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Summary:

It turns out the forces of change can’t be held back by crappy anti-piracy technology after all. Unfulfilled promises by Google (GOOG) to launch video fingerprinting technology on YouTube in order to prevent uploads of copyrighted content have had little effect on the rest of the […]

It turns out the forces of change can’t be held back by crappy anti-piracy technology after all. Unfulfilled promises by Google (GOOG) to launch video fingerprinting technology on YouTube in order to prevent uploads of copyrighted content have had little effect on the rest of the industry. In the meantime, big media is adopting the tools of the trade to put more and more content online. And along the way, it’s learning that distributing programming encourages fans — while closing up programming encourages piracy.

But down the road, there’s still an opportunity for video fingerprinting technology to make content owners genuinely comfortable with online distribution. While we’ve found early implementations of audio fingerprinting have problems detecting piracy, the MPAA claims that recent tests have been quite promising.

We’ve seen a couple of developments on that front just this week: Santa Clara, Calif.-based Vobile, maker of the “VideoDNA” video fingerprinting and tracking product, said it had scored Gideon Yu — who is known for being chief financial officer of YouTube immediately prior to its sale to Google, and is currently CFO of Facebook — as a board member. Elsewhere, Paris-based Dailymotion said it was employing Ina, a digital image bank, to detect copyrighted videos on the French version of its site.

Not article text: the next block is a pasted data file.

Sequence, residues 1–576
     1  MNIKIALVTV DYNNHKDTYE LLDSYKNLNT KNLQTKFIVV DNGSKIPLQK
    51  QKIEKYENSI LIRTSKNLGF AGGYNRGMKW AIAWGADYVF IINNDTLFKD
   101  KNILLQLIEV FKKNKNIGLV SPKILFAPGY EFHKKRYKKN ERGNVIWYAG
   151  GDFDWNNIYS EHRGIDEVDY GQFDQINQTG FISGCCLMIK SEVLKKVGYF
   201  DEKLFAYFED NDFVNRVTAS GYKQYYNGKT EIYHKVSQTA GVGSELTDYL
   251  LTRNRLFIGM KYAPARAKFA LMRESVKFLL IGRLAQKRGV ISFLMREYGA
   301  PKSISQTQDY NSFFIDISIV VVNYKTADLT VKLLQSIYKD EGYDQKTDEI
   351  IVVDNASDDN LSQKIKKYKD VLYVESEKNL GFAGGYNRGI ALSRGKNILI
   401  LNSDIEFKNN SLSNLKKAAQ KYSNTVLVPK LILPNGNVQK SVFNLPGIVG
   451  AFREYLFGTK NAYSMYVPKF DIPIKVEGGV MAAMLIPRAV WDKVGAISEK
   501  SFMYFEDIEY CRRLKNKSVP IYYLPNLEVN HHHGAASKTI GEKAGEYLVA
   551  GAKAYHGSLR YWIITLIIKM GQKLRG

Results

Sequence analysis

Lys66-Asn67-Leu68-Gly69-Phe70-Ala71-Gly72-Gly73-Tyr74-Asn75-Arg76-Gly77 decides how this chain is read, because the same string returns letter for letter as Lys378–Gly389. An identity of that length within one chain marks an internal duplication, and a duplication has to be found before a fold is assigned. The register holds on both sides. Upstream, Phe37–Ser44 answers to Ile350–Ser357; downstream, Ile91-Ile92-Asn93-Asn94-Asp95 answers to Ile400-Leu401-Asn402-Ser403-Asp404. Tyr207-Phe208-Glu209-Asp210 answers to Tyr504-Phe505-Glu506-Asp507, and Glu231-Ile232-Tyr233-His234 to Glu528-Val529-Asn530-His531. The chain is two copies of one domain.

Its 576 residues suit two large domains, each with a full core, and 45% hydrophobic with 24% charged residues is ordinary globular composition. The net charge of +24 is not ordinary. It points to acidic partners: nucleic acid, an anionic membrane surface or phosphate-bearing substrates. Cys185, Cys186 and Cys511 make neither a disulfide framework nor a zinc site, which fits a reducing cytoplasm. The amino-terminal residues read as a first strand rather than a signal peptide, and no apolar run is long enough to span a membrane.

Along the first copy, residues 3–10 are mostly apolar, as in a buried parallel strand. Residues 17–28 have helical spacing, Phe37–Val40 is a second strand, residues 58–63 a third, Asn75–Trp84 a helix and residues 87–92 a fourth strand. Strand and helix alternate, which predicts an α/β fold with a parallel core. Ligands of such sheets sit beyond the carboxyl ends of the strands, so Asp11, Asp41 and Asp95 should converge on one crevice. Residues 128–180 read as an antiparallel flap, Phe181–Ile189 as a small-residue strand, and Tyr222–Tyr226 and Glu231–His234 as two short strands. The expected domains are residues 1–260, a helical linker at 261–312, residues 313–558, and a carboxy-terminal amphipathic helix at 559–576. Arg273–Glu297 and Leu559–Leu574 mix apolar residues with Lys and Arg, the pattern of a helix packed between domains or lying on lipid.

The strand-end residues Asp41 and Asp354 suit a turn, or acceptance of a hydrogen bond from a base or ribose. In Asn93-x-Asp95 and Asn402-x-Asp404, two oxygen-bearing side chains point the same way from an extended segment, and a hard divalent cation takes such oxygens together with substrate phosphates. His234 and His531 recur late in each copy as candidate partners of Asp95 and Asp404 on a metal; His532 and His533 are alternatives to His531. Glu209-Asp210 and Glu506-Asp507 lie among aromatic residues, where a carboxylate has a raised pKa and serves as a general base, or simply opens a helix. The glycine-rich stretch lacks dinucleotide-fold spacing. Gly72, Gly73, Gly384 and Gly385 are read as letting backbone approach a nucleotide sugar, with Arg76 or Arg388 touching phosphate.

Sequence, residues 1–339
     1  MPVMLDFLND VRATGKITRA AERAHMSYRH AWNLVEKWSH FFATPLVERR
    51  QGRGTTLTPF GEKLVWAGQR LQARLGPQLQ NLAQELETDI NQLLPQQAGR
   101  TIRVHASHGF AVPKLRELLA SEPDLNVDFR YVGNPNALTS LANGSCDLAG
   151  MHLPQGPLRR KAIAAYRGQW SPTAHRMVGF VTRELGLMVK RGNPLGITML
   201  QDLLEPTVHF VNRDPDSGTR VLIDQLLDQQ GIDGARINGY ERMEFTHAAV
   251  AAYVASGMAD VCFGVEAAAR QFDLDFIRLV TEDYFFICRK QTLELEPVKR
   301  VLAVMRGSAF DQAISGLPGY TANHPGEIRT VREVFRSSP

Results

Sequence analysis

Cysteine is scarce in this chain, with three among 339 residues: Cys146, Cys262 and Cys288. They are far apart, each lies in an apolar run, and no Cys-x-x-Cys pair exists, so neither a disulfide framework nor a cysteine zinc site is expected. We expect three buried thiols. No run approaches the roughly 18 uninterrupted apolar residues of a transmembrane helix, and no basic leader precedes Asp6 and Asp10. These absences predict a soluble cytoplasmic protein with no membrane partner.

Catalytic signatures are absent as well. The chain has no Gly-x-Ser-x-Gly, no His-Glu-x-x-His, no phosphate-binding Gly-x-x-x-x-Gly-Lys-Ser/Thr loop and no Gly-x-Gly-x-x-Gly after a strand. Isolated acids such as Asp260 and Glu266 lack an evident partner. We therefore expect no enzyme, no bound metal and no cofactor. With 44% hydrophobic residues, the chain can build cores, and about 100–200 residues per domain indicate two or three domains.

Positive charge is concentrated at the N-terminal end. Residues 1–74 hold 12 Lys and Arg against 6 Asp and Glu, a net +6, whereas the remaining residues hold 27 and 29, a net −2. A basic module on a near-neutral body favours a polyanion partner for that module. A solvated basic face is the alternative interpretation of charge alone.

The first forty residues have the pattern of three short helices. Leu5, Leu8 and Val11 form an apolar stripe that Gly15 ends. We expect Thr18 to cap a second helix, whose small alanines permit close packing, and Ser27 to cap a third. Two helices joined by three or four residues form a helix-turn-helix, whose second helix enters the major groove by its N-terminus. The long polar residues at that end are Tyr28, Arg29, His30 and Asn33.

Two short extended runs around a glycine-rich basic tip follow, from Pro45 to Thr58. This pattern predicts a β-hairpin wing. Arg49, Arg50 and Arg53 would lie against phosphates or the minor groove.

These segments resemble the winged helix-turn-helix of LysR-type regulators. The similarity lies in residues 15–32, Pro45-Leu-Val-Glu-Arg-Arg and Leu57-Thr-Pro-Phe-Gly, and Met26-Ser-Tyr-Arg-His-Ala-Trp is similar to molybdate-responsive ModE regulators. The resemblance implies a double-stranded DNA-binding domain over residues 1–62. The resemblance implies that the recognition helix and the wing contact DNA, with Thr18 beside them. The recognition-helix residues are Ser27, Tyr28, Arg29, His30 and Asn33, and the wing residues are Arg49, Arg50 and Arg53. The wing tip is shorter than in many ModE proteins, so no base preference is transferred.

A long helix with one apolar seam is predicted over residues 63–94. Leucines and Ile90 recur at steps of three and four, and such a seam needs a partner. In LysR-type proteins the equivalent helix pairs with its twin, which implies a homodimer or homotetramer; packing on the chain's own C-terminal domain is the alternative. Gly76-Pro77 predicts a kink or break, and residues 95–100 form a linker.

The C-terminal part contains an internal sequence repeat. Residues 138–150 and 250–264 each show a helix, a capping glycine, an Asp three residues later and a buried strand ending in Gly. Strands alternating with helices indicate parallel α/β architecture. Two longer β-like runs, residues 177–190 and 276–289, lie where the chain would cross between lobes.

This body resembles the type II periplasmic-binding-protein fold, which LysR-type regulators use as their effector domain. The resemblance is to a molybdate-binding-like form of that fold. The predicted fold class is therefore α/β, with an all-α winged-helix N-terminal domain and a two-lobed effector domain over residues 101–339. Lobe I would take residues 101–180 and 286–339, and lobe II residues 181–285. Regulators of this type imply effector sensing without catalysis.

In a recent test of video fingerprinting technologies, multiple vendors were effective at identifying copyrighted files they had been trained to recognize, according to the Los Angeles Times.

The MPAA and MovieLabs, its R&D arm, spent months testing a dozen software programs designed to identify copyrighted videos from brief samples of their data. Each “fingerprinting” program was fed about 1,000 test files of wide-ranging format and quality, including a number of camcorded movies and other bootlegs downloading from the Net. Of the technologies submitted (11 by firms and one by a Scottish university), the MPAA said, three successfully identified more than 90 percent of the files with no false positives.

Reportedly, though the MPAA and MovieLabs wouldn’t disclose it, Vobile was the overall winner of those tests.

Video sites such as Microsoft’s (MSFT) Soapbox and MySpace already employ fingerprinting technology from provider Audible Magic, and Veoh has said it will implement fingerprinting this month. A Dailymotion spokesperson clarified that the site will continue to use Audible Magic for audio fingerprinting, but is adding in Ina for video fingerprinting. He emphasized that the initial Ina rollout on Dailymotion is only in France, though the company expects it to be implemented across all versions of its sites by 2008.

Other fingerprinting providers we’ve covered include Activated Content, Autonomy, MotionDSP, iPharro, and Gracenote.

  1. [...] Vobile, a copyright protection startup that has apparently won fans at the MPAA, raised less than $10 million from AT&T and Steamboat Ventures. (Wall Street Journal, but [...]

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  2. Interesting if it will actually work.

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